More than mere abstraction, the data structures are specific electrical or magnetic structural elements in a memory. According to Lowry, the data structures provide tangible benefits: data stored in accordance with the claimed data structures are more easily accessed, stored, and erased. Lowry further notes that, unlike prior art data structures, Lowry’s data structures simultaneously represent complex data accurately and enable powerful nested operations. In short, Lowry’s data structures are physical entities that provide increased efficiency in computer operation. They are not analogous to printed matter. The Board is not at liberty to ignore such limitations. {FN66: 32 F.3d at 1583-1584, 32 USPQ2d at 1034-1035 (citations omitted)}

Since the elements of the claims limited to particular data structures could not be ignored, the claims were not obvious in light of prior art cited by the examiner, and the decision on the Board affirming the examiner was reversed.

But one should be careful about abolishing the printed matter doctrine too quickly, even when information is recorded in a way that can be perceived only by a machine. As Chief Judge Archer warned in his dissent in Alappat:

   Consider for example the discovery or creation of music, a new song. Music of course is not patentable subject matter; a composer cannot obtain exclusive patent rights for the original creation of a musical composition. But now suppose the new melody is recorded on a compact disc. In such case, the particular musical composition will define an arrangement of minute pits in the surface of the compact disc material, and therefore will define its specific structure. Alternatively suppose the music is recorded on the rolls of a player piano or a music box.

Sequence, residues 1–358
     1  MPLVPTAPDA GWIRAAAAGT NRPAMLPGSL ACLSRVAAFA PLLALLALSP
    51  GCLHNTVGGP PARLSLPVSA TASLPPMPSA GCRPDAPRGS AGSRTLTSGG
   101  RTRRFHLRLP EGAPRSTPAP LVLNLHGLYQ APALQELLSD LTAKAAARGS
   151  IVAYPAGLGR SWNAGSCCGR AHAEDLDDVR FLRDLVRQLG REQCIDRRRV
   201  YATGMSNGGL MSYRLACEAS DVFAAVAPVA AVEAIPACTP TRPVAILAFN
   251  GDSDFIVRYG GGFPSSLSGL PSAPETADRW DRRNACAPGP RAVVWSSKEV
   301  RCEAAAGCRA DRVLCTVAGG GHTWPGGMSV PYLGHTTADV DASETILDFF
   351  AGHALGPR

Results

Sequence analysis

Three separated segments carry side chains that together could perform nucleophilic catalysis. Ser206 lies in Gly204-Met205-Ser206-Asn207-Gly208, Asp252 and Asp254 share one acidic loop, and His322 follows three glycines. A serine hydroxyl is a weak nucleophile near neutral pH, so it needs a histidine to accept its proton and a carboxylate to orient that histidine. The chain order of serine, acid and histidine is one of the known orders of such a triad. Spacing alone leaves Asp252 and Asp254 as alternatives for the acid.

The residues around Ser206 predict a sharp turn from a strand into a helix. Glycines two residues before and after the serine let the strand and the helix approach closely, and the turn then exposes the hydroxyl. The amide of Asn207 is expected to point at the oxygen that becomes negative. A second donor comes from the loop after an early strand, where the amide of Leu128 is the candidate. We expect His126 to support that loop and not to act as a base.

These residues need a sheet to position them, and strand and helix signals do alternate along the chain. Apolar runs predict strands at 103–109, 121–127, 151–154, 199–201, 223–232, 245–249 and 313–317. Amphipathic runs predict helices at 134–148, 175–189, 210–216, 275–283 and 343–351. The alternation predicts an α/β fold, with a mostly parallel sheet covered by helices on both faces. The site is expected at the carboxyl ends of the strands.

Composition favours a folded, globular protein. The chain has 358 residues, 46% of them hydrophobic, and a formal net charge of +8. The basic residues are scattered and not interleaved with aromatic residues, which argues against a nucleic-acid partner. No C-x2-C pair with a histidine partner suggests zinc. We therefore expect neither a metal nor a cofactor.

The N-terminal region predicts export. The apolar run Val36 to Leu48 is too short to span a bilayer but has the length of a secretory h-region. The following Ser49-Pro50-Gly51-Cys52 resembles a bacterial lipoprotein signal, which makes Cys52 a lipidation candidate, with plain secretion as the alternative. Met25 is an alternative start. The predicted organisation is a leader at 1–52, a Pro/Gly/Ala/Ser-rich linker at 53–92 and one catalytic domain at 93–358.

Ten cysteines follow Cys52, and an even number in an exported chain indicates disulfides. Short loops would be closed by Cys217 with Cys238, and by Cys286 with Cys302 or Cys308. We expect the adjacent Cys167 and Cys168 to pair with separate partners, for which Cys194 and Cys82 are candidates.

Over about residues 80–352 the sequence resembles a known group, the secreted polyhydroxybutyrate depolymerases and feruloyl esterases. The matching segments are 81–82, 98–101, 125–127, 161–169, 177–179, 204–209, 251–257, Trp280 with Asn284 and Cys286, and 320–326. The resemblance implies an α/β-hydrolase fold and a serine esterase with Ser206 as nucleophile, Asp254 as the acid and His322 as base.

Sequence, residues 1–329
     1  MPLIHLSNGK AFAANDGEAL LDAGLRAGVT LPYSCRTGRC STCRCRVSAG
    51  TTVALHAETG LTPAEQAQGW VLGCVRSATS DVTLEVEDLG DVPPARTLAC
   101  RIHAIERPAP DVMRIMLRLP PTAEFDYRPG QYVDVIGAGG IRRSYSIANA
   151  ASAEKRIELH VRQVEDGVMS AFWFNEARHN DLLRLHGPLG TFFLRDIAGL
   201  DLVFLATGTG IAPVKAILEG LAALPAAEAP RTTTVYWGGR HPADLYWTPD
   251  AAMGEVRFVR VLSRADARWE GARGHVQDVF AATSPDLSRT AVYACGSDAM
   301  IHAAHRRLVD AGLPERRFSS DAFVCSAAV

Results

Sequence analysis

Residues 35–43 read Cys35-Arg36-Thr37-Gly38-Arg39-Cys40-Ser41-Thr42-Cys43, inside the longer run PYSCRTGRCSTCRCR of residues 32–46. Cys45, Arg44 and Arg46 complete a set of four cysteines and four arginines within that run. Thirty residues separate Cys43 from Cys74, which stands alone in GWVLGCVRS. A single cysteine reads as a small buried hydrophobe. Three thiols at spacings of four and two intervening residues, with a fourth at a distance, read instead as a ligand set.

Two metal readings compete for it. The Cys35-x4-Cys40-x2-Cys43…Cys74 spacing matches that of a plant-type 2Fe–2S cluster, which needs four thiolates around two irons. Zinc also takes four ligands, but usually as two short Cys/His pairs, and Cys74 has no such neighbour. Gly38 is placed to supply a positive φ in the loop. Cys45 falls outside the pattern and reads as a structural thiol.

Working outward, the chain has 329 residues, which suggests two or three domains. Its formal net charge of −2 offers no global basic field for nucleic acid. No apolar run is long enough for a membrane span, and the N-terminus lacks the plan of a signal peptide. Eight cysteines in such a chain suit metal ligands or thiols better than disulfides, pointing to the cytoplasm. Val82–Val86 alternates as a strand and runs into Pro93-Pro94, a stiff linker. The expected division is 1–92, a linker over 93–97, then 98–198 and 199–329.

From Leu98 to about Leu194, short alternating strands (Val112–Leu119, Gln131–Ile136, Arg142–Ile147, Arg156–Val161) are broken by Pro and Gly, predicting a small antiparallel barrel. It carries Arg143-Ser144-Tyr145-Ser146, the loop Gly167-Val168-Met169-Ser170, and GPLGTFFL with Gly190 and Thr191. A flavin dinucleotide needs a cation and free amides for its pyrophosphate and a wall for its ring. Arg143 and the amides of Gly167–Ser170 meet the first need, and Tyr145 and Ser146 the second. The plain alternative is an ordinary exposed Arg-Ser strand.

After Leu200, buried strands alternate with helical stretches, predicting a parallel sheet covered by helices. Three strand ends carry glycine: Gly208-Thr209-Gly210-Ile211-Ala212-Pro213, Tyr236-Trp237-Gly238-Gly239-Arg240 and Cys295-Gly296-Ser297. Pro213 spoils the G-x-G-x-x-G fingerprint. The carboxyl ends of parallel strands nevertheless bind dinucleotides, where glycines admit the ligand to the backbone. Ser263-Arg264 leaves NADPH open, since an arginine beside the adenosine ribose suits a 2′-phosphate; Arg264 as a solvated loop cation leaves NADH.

Through the expedient of putting his music on known structure, can a composer now claim as his invention the structure of a compact disc or player piano roll containing the melody he discovered and obtain a patent therefor? The answer must be no. The composer admittedly has invented or discovered nothing but music. The discovery of music does not become patentable subject matter simply because there is an arbitrary claim to some structure.